• Subject: Re: dynamic program CALLS
  • From: John Carr <74711.77@xxxxxxxxxxxxxx>
  • Date: Sat, 6 Dec 1997 22:35:01 -0500

Date:   12/6/97  8:17 PM

RE:     Re: dynamic program CALLS

>>on 12/06/97at 12:07 PM, the Great and Grand  Wazir John Carr
>><74711.77@compuserve.com> said:
>The RETURN CL command just ends the program and returns to its caller.
>Just like Setting on *INLR and doing a Return opcode in RPG.   

Booth said;
>I am still unclear then.  I'd felt that setting on *INLR and also doing a
>RETURN was redundant.  I'd felt that a programmer would plan on one, the
>other, or neither.

The RETURN opcode in RPG Returns immediately to its caller upon being 
executed.  I mean "Where ever it is executed".   I personally use 
a subroutine I call EXIT in everyone of my programs.  It does the 
RETURN opcode.  Where ever I am in the program, If the user wants to
leave,  I EXSR EXIT. I don't "Bubble up" through various DOU loops(ha ha)
to the mainline calc's just to leave.  (I have always found the effort 
to "Bubble up" through the loops to be confusing and/or convoluted to say
the least compared to just EXSR EXIT)

(And I'm not even gonna get into that esoteric indicator *INRT)

What happens to the program's invocation(files, variables, etc.) is 
dependant upon whether *INLR was seton or not. 

 If it was not seton,  the next time it is called the program starts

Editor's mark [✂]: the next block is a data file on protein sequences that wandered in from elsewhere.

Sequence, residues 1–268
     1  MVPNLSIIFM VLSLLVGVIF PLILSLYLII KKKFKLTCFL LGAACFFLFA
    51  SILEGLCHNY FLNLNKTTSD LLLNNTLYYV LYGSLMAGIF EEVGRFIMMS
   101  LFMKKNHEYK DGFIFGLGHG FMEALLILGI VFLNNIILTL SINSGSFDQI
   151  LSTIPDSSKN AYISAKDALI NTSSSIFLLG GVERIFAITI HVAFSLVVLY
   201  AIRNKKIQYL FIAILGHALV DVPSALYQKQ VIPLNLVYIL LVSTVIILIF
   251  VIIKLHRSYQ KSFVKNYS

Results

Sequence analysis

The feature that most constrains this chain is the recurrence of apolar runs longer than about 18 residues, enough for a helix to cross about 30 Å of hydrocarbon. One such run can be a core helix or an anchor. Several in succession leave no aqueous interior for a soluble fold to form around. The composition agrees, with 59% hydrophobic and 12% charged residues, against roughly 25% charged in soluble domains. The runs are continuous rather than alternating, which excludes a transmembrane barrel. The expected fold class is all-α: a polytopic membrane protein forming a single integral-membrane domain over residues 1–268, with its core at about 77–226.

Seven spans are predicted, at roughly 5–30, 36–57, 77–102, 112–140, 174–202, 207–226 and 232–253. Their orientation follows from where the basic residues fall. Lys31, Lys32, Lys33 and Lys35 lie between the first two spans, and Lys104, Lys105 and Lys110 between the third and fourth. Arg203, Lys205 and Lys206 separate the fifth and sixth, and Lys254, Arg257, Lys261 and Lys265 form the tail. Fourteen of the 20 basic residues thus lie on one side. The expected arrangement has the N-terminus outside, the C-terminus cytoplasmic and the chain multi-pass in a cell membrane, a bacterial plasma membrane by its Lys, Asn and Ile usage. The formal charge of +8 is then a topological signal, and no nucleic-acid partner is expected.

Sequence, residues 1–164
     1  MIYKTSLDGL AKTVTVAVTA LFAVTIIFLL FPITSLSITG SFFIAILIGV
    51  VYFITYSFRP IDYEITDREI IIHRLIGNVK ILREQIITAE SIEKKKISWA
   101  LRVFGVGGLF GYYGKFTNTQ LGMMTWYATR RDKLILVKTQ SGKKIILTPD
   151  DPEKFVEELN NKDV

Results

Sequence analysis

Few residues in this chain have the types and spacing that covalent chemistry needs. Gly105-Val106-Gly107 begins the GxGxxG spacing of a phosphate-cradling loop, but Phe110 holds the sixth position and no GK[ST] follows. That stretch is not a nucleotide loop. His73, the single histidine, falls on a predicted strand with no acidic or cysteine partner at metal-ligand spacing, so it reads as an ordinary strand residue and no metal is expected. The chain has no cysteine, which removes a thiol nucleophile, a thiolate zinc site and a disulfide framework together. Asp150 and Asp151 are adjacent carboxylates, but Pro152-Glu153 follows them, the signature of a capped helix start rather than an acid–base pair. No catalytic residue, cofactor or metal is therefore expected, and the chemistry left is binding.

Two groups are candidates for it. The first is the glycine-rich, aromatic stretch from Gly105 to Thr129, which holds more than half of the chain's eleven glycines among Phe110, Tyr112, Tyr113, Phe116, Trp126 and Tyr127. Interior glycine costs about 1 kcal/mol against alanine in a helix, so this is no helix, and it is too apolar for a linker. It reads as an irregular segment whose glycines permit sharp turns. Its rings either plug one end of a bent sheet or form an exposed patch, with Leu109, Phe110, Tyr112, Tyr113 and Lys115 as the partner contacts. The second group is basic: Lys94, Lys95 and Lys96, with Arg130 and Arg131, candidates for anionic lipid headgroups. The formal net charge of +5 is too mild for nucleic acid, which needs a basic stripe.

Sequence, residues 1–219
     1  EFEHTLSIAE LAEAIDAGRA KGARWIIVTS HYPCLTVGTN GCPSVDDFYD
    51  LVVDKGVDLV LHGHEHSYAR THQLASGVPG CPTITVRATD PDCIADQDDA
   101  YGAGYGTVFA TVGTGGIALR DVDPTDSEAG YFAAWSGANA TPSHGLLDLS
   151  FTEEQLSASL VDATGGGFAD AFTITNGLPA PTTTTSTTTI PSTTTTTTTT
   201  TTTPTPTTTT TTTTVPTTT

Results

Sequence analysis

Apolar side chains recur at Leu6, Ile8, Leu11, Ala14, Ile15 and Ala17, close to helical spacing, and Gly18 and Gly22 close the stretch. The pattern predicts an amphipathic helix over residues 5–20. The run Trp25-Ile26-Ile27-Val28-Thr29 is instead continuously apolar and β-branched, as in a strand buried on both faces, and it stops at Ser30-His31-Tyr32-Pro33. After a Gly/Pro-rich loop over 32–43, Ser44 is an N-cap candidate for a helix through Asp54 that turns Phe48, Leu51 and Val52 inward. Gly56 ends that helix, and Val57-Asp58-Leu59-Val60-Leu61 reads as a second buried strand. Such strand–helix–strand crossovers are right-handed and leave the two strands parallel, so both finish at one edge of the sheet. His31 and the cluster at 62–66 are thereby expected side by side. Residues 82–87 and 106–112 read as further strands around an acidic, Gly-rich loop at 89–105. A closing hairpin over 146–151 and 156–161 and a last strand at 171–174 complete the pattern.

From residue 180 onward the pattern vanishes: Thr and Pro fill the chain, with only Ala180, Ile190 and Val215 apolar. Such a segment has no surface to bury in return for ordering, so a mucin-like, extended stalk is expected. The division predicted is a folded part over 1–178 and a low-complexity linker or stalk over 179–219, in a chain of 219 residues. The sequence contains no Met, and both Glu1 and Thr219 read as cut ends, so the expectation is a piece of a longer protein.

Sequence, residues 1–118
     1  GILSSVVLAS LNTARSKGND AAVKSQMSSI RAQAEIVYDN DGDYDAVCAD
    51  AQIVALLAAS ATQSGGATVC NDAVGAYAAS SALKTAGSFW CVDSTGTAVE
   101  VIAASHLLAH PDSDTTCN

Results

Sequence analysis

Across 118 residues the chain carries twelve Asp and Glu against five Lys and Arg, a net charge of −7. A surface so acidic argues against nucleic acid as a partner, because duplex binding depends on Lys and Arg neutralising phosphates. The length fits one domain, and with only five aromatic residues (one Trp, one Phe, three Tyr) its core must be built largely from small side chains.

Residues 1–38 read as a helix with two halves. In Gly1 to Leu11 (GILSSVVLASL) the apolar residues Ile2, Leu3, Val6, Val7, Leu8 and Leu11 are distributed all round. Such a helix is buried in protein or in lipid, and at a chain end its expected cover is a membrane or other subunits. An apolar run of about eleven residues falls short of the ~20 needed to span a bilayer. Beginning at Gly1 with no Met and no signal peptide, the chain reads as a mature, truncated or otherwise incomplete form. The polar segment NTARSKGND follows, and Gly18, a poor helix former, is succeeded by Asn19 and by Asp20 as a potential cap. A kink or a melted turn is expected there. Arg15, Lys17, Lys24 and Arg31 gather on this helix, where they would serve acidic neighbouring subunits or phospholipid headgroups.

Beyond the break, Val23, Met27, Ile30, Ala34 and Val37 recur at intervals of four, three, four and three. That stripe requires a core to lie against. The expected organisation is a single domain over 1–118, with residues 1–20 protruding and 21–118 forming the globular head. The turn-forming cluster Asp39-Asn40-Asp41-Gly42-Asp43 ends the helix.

"At the Top of the Calc's"  *INZSR is not done, etc. all variables & 
file ODP pointers will be "Like you never left".  (Just as they were)

If it was seton, It's a completely new invocation of the program.
"Cold Start"

Now,  If you don't use the RETURN opcode,  You must somehow get back to
the mainline calc's and "Hit the bottom"(last line of calc's before the
first SUBR)  with *INLR being on to leave/exit from the program.  

You can, as a matter of fact,  seton *INLR at the start of the program
and "run the whole program" with *INLR *ON.  It won't be checked until 
one of two things happen(in the average program) 1. You hit the last 
mainline calc.(before the first BEGSR) 2. You hit the RETURN opcode.

(I'm ignoring the *PSSR and RT indicator and a couple of other events 
out side the normal running of the program)

>Also, is there anything wrong with RETURNing from a program and relying
>upon the closing of upstream programs to close the downstream programs?

Only if the Gal/Guy who wrote the "Upstream Program" knows you're down 
there!  They won't do anything to close your program if they don't know 
it's running.  That's why I said "The shop should have a standard" about
lower level programs that don't set on *INLR.  When do they (By design) 
get closed??  We have been using a variable in the calling program to say
"I called this lower level program"  so that when the Calling program ends
its says  PGMA_OPEN  IFEQ   YES   -> Call PGMA (with parm to say 
'shut down'.

Some of our utility programs "By design" don't get closed down period. 
until the entire job ends.  

John Carr

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